With or without specific regulation, such a transfer or reusing deposited crypto is less likely to occur if the cryptocurrency is stored in segregated blockchain addresses rather than in omnibus or pooled addresses.
6M Bitcoin Are Secured by Shared Custody
Almost one-third of the entire Bitcoin supply is secured with a feature that gained adoption after the Mt. Gox heist.
Almost six million Bitcoins (BTC) are stored in multi-signature wallets — nearly one-third of the total supply.
Prevents ‘Exit Scams’
Bitcoin is generally secured with a combination of a public and private key. In order to transact on the Bitcoin network, a user needs to sign each transaction with their private key. This works fine in most use cases, but there are situations where this setup is not ideal.
For example, let’s say the founder of a crypto exchange secures all of the firm’s assets with their private key. This may lead to several problematic situations: what happens if a founder suddenly dies, gets hacked, or decides to engage in an ‘exit scam’? In all of those situations, the exchange would go belly up and users would lose their funds.
In order to alleviate these issues, a soft fork was introduced in 2012 that enabled the use of multi-signature wallets. Bitcoins could now be secured with multiple signatures, where X out of N signatures would be required to spend it. This means that wallets could now be controlled by multiple users, without any one user having the ability to spend the coins on their own.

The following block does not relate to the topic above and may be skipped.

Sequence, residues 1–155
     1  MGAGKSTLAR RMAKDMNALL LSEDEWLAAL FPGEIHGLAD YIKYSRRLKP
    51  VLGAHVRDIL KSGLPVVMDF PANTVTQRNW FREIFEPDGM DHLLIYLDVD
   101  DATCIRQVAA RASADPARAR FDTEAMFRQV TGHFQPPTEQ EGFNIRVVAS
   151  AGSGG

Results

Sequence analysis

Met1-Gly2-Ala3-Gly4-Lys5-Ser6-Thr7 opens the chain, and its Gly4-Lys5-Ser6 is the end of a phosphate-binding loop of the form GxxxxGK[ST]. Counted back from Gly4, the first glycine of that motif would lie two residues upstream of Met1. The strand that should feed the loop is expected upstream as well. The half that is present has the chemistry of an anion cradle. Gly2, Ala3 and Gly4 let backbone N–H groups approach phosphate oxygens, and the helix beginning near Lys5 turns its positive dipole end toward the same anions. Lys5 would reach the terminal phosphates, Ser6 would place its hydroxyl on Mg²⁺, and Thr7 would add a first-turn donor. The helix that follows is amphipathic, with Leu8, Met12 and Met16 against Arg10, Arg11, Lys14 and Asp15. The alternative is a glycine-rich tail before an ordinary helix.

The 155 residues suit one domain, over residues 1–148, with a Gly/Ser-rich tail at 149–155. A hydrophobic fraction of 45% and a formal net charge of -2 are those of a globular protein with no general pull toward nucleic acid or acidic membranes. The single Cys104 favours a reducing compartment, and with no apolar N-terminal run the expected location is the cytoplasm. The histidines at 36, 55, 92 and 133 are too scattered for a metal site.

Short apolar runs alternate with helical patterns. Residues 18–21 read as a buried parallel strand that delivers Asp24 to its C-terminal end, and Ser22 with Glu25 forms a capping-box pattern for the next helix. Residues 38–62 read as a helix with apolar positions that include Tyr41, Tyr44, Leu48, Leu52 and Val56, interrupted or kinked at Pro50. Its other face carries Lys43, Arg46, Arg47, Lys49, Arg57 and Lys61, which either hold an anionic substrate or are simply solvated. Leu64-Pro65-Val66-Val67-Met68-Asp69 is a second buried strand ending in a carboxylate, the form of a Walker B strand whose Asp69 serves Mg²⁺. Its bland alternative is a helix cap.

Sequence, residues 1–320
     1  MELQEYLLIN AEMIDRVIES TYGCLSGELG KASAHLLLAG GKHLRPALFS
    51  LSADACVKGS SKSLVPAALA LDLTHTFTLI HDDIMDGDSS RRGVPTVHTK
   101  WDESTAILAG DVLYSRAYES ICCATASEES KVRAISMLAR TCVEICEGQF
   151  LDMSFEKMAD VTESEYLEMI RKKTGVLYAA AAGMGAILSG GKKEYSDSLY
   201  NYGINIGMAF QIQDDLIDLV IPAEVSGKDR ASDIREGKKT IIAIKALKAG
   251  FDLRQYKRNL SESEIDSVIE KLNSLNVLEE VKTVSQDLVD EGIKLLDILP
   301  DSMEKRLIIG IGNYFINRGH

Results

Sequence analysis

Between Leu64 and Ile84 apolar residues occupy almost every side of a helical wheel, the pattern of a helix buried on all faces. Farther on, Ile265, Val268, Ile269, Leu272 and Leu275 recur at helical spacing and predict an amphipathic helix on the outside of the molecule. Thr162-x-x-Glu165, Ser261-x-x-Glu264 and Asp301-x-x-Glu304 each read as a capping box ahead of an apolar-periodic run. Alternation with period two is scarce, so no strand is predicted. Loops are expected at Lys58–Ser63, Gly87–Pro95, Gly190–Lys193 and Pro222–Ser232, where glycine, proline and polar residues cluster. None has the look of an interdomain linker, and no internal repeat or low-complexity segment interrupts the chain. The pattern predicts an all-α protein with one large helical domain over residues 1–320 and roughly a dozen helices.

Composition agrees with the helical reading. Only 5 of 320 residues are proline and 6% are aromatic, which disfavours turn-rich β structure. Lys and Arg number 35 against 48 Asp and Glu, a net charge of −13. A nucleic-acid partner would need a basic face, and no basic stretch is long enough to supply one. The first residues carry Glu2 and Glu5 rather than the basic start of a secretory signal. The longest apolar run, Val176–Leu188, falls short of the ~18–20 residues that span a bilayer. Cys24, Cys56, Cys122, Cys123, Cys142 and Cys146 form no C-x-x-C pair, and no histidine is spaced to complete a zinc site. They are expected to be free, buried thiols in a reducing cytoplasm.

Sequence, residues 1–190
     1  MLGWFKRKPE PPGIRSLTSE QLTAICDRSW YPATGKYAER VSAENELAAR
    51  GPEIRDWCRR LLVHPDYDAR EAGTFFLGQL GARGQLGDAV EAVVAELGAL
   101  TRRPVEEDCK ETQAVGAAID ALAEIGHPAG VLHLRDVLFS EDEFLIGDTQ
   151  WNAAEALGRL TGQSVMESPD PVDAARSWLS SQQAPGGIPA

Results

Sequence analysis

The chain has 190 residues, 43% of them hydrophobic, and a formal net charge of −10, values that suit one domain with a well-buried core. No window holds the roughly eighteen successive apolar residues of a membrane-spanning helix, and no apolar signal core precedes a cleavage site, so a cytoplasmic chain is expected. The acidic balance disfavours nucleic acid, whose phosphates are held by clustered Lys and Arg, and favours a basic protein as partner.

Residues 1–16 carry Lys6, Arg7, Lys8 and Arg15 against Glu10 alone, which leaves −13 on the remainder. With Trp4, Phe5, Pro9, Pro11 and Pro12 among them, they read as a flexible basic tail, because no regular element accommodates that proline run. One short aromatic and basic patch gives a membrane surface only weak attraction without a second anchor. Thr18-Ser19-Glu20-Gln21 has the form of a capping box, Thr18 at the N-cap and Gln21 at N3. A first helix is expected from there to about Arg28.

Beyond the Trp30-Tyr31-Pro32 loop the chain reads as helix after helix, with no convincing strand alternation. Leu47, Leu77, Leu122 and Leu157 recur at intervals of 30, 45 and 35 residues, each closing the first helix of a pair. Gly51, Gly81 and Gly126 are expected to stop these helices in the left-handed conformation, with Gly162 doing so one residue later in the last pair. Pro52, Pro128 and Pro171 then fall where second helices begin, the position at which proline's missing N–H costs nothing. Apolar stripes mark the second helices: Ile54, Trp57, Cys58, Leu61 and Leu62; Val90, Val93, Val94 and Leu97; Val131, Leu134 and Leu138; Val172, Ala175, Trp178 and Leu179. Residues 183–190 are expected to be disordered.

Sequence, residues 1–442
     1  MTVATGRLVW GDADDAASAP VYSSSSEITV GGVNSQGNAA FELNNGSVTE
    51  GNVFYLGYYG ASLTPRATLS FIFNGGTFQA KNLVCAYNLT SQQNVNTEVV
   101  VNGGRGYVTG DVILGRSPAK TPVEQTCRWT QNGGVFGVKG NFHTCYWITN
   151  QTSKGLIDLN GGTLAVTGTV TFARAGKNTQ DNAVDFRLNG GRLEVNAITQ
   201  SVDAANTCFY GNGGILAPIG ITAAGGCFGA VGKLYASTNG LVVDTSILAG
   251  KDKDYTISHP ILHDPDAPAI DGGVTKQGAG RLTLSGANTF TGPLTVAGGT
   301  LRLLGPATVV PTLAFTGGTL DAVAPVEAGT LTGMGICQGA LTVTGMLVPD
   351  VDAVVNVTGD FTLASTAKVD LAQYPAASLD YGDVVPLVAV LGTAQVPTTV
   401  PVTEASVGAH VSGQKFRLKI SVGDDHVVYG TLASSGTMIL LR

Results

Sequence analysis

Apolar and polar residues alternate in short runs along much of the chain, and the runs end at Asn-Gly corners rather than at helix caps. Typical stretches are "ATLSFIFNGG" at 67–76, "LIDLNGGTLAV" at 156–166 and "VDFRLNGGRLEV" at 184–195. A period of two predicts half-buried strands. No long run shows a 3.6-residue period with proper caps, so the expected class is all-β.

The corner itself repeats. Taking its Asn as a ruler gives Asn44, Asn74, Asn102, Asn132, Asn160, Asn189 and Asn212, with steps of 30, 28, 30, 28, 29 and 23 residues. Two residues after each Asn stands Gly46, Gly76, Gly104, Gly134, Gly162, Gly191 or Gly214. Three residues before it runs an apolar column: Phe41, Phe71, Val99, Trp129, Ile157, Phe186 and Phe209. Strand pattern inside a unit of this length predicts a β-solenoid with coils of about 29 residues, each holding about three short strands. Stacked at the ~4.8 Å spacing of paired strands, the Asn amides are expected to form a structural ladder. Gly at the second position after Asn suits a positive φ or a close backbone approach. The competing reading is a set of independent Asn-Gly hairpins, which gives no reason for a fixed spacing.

Mt. Gox Spurred Adoption
The same exchange founder could secure all the deposits with five signatures and require at least three signatures for a transaction. These five signatures could belong to the various company executives. They could even delegate one or more of the signatures to a trusted third party.
We observe that mass adoption of this feature only began in 2015. There is a simple explanation for this — Mt. Gox. After the notorious hack, the community realized that a decentralized system should not rely on a single point of failure.
As most individual holders still do not use this feature, the number of Bitcoins stored in multi-signature wallets could also be used as a good indicator of what proportion of Bitcoin is held by businesses.
Bakkt, Galaxy Digital To Offer Joint Bitcoin Custody Solution For Institutions
Two New York-based crypto companies hope to scoop up growing institutional demand for physical bitcoin.